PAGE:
Sergeant Welsh might think this world is just a rock, but Terrence Malick’s films focus on the yearning for a world-made-new, whether it be the Jägerstätters’ idyllic farm in the Austrian alps in A Hidden Life, or Sean Penn’s character’s visions of heaven in Tree of Life, or the beach scenes near Mont-Saint-Michel in To The Wonder.

Similarly, Private Witt’s South Pacific furlough in The Thin Red Line, and the Andrew Wyeth-inspired farm in Days of Heaven are all glimpses of another, better world than ours. As reviewer, David Roark put it, “Malick’s films function as cinematic liturgies that paint a distinctly Christian picture of the good life—the kingdom of God—reflecting the gospel story of creation, fall, redemption and restoration.”

The New World retells the well-known story of the ill-fated 1607 Jamestown colony, focusing on the tragedy of John Smith (Colin Farrell) and Pocahontas’s impossible love. But this isn’t the Disney version. John Smith’s sojourn with the Powhatan tribe is an experience of paradise while the so-called civilized Jamestowners create a cesspool of death and depravity.

With the tribe, Smith finds the way of grace. He says, “I thought it was dream… what we knew in the forest. It’s the only truth.” But when Pocahontas (Q’orianka Kilcher) travels in the other direction, leaving the forest to be reborn as an English woman, it brings only death.

Malick is saying that there is a new world, but it’s not to be found where you think it is. It’s not in the manicured estates of the English aristocracy. When John Smith aches for the beauty he found in the Virginia forest, he echos the hope of Israel and the Christian yearning for the return of Christ. He dreams of a better world:

“Who are you whom I so faintly hear? Who urge me ever on? What voice is this that speaks within me… guides me towards the best? We shall make a new start. A fresh beginning. Here the blessings of the earth are bestowed upon all. None need grow poor. Here there is good ground for all, and no cost but one’s labor. We shall build a true common wealth, hard work and self reliance our virtues. We shall have no landlords to reack us with high rents or extort the fruit of our labor.”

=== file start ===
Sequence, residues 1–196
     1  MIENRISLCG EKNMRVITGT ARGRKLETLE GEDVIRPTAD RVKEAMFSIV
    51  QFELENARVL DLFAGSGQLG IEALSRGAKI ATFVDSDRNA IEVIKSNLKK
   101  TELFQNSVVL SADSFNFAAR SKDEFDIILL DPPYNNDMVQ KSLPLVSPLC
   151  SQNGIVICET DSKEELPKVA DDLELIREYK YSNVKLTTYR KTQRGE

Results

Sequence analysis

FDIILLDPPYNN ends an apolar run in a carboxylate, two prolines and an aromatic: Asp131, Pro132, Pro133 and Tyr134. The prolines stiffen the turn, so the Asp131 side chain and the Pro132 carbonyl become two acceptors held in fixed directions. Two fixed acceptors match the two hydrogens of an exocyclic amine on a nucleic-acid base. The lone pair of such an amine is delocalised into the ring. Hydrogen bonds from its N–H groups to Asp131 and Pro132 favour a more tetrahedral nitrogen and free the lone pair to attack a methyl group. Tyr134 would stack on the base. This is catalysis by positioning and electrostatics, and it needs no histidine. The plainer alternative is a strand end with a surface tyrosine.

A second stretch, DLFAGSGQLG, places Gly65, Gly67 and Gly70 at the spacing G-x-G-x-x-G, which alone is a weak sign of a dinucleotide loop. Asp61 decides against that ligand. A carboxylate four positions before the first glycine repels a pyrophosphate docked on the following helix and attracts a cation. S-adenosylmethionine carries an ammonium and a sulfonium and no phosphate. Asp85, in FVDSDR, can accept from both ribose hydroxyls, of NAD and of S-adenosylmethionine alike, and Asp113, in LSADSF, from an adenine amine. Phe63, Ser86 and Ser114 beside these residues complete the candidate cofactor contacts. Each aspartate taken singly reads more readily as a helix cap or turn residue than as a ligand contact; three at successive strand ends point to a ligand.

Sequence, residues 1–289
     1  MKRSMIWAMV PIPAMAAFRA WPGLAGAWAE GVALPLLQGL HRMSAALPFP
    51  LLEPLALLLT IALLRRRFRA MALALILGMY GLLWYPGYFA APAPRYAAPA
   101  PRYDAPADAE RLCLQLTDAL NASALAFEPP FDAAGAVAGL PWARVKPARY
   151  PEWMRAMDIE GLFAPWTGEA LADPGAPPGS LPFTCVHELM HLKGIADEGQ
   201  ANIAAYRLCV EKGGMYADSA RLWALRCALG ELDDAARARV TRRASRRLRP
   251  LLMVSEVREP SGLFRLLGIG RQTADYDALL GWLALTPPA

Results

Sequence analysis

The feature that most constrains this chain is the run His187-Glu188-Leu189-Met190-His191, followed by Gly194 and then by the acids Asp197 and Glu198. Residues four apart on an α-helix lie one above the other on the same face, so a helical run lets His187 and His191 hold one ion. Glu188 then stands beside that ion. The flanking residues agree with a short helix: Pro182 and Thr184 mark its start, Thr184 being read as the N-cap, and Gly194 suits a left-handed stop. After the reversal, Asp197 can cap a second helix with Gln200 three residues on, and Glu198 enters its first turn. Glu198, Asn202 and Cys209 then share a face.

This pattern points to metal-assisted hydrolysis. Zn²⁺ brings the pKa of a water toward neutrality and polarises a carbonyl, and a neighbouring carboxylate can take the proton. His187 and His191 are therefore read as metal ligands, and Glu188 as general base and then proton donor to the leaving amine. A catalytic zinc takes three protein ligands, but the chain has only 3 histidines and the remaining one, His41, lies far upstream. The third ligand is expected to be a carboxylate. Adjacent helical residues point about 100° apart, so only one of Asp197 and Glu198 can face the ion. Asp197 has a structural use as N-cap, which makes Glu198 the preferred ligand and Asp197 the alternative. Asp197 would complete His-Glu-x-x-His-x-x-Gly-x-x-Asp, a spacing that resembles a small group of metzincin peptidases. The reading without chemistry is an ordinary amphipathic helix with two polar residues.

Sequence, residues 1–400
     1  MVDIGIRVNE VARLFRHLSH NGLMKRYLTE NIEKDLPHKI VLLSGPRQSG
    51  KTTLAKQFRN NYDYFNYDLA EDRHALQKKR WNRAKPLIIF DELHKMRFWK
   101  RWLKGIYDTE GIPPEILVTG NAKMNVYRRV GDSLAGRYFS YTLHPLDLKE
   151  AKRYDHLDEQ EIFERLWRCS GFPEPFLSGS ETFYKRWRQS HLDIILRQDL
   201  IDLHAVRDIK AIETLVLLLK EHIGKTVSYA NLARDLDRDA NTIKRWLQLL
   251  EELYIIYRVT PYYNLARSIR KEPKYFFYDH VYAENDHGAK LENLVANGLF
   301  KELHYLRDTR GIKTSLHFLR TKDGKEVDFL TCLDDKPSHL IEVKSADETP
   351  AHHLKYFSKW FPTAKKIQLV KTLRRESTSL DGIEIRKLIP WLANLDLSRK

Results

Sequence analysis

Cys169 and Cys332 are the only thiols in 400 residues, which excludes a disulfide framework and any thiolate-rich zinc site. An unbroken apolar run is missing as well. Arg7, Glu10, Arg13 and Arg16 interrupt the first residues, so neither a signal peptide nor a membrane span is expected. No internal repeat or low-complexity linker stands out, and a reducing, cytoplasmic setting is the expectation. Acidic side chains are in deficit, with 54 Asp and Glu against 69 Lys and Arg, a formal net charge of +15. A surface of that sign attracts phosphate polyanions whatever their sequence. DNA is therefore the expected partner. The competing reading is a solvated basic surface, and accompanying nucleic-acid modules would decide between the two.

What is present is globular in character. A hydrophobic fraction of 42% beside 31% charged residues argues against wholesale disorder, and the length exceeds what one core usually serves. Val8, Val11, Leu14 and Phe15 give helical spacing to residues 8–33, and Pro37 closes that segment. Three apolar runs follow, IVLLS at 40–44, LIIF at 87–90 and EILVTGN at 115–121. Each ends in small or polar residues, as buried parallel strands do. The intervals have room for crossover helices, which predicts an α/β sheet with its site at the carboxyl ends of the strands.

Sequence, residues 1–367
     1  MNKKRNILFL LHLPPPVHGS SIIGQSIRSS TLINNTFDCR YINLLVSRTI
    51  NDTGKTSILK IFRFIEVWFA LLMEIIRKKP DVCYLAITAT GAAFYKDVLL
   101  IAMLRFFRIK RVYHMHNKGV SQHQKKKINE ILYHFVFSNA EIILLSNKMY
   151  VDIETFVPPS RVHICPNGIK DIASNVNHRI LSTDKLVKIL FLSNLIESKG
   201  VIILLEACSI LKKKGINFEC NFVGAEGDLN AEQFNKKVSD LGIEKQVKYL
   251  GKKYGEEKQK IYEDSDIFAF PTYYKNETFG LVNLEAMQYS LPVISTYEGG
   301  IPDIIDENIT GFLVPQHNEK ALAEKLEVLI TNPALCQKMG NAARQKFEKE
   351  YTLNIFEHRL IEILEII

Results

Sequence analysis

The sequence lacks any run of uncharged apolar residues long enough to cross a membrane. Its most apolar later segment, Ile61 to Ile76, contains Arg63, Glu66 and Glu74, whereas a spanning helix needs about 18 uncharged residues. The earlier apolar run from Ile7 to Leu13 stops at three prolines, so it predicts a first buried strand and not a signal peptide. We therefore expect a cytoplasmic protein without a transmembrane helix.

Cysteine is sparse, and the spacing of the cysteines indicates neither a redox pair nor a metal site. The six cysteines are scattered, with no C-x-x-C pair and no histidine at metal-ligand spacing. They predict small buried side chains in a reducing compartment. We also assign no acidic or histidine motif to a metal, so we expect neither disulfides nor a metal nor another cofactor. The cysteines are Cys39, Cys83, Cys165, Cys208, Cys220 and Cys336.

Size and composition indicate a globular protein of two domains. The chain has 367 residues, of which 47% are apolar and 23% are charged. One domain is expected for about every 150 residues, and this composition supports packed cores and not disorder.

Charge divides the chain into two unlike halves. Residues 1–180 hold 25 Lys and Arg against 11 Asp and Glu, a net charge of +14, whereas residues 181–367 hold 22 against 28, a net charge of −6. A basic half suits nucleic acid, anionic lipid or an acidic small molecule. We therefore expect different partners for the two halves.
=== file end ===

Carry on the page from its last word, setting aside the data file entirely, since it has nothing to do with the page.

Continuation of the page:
There much more I’d love to say, but I’ve written too much already. Malick’s films are an acquired taste and not to many people’s liking. But if you’ve never seen them maybe this serves as motivation to try a few. I’ve listed them all with links to their trailers below. And brace yourself because his next feature film, which he’s just completed shooting, is based on the life of Christ himself.


Badlands (1973), Days of Heaven (1978), The Thin Red Line (1998), The New World (2005), Tree of Life (2011), To The Wonder (2012), Knight of Cups (2015), Voyage of Time (2016), Song to Song (2017), A Hidden Life (2019) The Last Planet (forthcoming)

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The views expressed are my own and do not necessarily represent the official views of Morling College or its affiliates and partners.

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4 thoughts on “The Gospel According to Terry

  1. Thanks Mike, this reminds me to check out the films I haven’t seen yet. Knight of cups was the last I saw.

    What I enjoy about his work is that it always feels more like a poem than a structured narrative. He sits on the edges of the ideas that the characters are playing with like a silent Non judging observer.

    I’ve definitely picked up some of the Christian symbolism in his work, but it has never felt ‘evangelistic’ or didactic to me. I never feel like he is projecting a worldview as much as I feel he is pondering one.

    But will have to re visit.

    1. Well, ‘evangelistic’ has a generally negative connotation, like shoving our truth onto others. I agree that Malick isn’t heavy-handed at all. Very poetic, as you say. But I do think he’s commending religious faith to his viewers, even if it’s only the highly attentive who will hear.

  2. You, Jeffrey Overstreet, Craig Detweiler, and Alissa Wilkinson should write this book together. (I mean, I’d buy and read that book from any one of you… but appreciate the different perspectives you’d bring!)
    Thanks for reminding me of my own love for Malick’s work, and spurring me to dive back in, soon…

  3. You certainly had different film priorities as a 17 year old in 1978 than I did. I’m not sure what drew you to see “Days of Heaven”, but now all these years later I really appreciate your overview and analysis of Malick’s body of work. I have a whole new playlist of movies to see now.